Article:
There are two other relevant observations: One, in 2000 the Democrats allowed Ralph Nader to run as a third-party presidential candidate, although from the outset it seemed this earnest challenger would take more votes from the Democrats’ socialist left than from the GOP’s anti-immigrationist right. (Nader in 2000 combined economic socialism with vaguely rightist populist sounds.) We now know this third party candidate cost Gore the race by taking enough votes from Floridians to throw their state to W.
But that’s how the Dems, not the GOP, acted back then. I’ve no doubt the GOP, faced by the same problem, would have ruthlessly and happily crushed a third-party challenge. Unlike the Dems, who have kooky intellectuals to keep under control, Republicans believe what they’re told. If they’re repeatedly informed that Romney is a right-winger because he believes in “American exceptionalism” and will put the U.S. armed forces at the disposal of Benjamin Netanyahu, why shouldn’t Republicans believe this? After all, who’s to say it’s not true, except for a Muslim Democrat?
Two, the Republicans look as if they’re taking their program for eliminating parliamentary opposition on the right from the German Christian Democrats after World War II. Set up as a centrist party by the occupational powers, one intended to appeal to the non-Nazi right without becoming itself a right-wing party, the Christian Democrats and their Christian Social allies in Bavaria worked tirelessly to outlaw their opposition. And the oppositions rarely if ever included real right-wing revolutionaries. The party in power mounted court cases as threats to German democracy against such implausible targets as Bavarian regionalists and on one occasion the old Catholic Center Party, of which the German chancellor had once been a leading member but which Chancellor Adenauer wanted to collapse into the postwar Christian Democrats.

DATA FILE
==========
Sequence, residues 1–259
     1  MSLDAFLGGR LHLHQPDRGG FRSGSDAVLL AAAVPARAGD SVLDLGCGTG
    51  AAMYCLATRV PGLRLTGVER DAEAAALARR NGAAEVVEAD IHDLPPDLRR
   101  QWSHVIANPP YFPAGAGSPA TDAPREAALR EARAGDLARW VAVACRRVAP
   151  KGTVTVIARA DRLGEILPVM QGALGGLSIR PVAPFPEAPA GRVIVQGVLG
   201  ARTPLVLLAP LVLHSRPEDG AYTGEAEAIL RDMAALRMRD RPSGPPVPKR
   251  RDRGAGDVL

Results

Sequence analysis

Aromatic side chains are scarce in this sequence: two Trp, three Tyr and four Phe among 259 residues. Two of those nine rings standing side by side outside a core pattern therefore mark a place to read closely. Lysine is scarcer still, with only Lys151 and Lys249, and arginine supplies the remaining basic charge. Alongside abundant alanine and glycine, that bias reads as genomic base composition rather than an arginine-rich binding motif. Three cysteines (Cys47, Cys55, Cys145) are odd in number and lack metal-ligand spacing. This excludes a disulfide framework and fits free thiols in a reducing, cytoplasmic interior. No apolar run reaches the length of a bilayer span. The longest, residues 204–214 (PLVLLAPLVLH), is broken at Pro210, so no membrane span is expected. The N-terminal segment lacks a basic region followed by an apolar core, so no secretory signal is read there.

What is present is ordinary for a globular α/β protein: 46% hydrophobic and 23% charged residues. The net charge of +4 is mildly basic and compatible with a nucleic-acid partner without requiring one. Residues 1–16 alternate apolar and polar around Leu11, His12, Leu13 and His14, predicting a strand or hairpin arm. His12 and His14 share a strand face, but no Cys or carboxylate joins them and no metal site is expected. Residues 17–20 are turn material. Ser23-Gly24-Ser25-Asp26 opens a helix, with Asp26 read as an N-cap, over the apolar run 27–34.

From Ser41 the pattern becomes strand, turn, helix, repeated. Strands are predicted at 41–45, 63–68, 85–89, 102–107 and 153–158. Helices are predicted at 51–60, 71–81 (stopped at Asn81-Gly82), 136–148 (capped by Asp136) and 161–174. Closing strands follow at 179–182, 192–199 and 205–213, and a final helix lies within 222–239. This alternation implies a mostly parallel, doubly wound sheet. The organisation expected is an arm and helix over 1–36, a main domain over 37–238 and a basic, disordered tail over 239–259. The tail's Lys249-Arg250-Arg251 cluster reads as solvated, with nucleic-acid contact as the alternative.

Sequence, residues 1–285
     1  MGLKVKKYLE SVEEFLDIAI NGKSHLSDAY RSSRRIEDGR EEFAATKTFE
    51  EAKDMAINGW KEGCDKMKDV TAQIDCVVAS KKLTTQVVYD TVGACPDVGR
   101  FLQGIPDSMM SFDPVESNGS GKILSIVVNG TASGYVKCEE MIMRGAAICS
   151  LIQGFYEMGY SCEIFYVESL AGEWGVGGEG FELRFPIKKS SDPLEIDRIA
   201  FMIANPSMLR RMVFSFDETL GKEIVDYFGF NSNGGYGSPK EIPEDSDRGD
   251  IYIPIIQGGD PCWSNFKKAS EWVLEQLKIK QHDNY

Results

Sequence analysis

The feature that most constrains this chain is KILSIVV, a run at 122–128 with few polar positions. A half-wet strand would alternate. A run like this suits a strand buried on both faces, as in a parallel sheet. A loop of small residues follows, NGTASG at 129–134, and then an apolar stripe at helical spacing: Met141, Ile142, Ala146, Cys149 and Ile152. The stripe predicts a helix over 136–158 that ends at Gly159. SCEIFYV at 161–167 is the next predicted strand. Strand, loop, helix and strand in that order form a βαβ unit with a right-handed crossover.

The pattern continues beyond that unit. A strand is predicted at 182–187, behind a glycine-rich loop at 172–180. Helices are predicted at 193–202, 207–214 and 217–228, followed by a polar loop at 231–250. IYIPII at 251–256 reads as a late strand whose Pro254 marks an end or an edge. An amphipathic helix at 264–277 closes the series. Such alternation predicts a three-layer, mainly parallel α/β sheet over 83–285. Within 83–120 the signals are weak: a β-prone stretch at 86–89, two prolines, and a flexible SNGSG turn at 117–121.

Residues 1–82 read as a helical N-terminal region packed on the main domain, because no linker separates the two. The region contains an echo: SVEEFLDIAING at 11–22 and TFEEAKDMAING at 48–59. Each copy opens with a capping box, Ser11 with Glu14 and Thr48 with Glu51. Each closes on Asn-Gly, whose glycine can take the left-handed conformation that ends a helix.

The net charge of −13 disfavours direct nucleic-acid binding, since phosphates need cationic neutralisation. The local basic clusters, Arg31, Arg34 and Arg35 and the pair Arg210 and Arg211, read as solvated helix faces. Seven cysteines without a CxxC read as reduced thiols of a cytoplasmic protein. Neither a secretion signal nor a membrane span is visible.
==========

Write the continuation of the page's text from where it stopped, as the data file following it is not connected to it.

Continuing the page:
These eliminationist tactics were successful up to a point. They helped provide the Christian Democrats with a safe constituency in the center (which was really the Catholic majority of the eliminated Center Party), but there was a high cost that came with this provisional success. The German left, which has been in power since the 1970s, although sometimes with Christian Democratic window dressing, has continued and accelerated the practice of eliminating through the courts any pesky opposition on the right. In Germany “right-wing extremism” starts with those who question the latest media-approved multicultural agenda, and those parties that represent such resistance soon find themselves dragged through courts and under investigation. This all began under the opportunistic leadership of the postwar Christian Democrats, who seem to have foreshadowed our present-day GOP.
What Republicans have done to the CP will not unite the right. It is a preparatory action to moving our politics further to the left, which is exactly what happened in Germany. But there are short- and middle-term benefits from this game. The center obtains a somewhat bigger share of the electoral pie by making the right disappear as a party factor. But that doesn’t change the overall situation, in which the center does the work of the left by getting rid of the right. On the other hand, that may be all the GOP really wants, a bit more time to make careers and to hand out patronage to its drudges.
Paul Gottfried is the author, most recently, of Leo Strauss and the Conservative Movement in America: A Critical Appraisal.